Oso explained that though the research is centered on issues of election, it looks at the broader implications of fake news and hate speech beyond the elections, in terms of “what kinds of images we carry in our heads about other people, group, and how the media could facilitate, cement or discourage the negative narratives all over the country,” he said.

The research was presented to seven journalists and Prof. Abigail Ogwezzy-Ndisika of Mass Communication department, University of Lagos, for validation, and the team at the end of the workshop drafted the guideline for journalists on hate speech and fake news.

The research notes the need for continuous training of journalists on conflict-sensitive reporting with emphasis on respect for diversity.

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It stated, “The spread of hate speech and fake news poses a lot of threat to the quality of public discourse, political system, sound policy outcomes and national cohesion. Since hate speech and fake news are spread through the media, public trust in the media is negatively affected, thus the high level of public distrust and scepticism of the media.”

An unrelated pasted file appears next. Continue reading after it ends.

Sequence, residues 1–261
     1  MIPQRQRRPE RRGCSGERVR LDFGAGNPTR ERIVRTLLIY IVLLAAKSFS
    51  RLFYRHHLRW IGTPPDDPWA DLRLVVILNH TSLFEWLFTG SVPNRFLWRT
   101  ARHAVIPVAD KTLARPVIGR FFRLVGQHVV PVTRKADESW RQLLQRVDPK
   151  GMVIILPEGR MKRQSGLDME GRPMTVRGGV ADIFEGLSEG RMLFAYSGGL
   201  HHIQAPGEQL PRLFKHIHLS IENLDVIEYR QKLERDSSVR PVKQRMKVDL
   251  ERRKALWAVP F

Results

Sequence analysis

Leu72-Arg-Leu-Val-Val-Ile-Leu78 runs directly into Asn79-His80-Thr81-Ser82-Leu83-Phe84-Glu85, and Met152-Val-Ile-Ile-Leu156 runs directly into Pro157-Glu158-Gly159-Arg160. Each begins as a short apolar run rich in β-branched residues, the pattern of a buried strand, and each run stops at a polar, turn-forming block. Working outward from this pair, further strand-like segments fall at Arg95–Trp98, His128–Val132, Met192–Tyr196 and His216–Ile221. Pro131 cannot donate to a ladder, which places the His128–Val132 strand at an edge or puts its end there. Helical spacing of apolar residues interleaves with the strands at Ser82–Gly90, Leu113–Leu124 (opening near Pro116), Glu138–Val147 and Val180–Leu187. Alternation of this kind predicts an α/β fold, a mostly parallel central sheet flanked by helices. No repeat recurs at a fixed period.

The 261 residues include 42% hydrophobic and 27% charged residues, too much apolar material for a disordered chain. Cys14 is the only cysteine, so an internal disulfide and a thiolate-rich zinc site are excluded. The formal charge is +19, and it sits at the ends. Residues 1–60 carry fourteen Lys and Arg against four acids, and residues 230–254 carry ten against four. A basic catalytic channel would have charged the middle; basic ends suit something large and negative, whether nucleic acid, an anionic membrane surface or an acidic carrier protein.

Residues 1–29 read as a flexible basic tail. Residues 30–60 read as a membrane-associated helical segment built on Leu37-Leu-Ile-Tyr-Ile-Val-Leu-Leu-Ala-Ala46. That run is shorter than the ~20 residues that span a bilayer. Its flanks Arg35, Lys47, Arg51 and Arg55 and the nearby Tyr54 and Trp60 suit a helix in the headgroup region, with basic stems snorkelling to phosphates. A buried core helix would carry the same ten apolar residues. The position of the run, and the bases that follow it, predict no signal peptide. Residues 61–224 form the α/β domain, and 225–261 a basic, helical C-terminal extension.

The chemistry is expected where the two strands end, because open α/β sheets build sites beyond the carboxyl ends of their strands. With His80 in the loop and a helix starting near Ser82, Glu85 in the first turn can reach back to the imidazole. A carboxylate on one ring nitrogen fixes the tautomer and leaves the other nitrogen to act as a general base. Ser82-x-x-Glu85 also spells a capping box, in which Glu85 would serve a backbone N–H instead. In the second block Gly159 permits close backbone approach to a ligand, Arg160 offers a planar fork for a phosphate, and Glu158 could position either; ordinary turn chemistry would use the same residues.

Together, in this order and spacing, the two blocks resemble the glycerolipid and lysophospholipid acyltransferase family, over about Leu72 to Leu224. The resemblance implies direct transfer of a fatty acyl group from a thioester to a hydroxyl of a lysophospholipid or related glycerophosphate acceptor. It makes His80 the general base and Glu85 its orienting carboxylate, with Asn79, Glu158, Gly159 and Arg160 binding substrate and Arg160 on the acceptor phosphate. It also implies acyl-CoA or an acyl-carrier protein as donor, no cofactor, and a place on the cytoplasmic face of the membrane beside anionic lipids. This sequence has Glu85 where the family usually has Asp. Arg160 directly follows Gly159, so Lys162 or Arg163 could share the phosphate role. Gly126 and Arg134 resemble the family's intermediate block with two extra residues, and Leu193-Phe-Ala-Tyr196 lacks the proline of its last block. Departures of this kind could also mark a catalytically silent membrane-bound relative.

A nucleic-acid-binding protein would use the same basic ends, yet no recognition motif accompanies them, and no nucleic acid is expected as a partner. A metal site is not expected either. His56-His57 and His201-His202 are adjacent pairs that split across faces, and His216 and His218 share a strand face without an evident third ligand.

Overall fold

According to UNESCO publication “…. the intentionally misleading content spread by these (social media) is affecting citizens’ understanding of the reality and undermining trust, informed dialogue, a shared sense of reality, mutual consent and participation.”

While presenting the research, Oso noted that there was a high prevalence of both fake news and hate speech in the run up to, during and after the 2019 elections in Nigeria; social media such as Twitter, Facebook and WhatsApp and online news platform were used for most of the fake news and hate speeches.

According to him, the dominant issues revolved around politics but ethnicity and religion were weaponized for political ends, adding that members of the public, through comments, were the highest disseminators of fake news and hate speeches.

He also disclosed that a high majority of both fake news and hate speech emanated from the male gender in Nigeria, saying, “a vast number of people believed the messages from social media but interviewees are of the opinion that such messages might not have significantly affected the outcomes of the elections.”

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The arrival of the Internet and the various discursive and communicative space, he argued has led many to believe that we are in a new brave world. Internet technology, he explained, is seen “as the gateway to new form of social intercourse, new patterns of interdependency and new opportunities for political renewal. It is an era in which the citizens have the possibility of occupying the centre stage in the public sphere as creators, disseminators and consumers of information,” he added.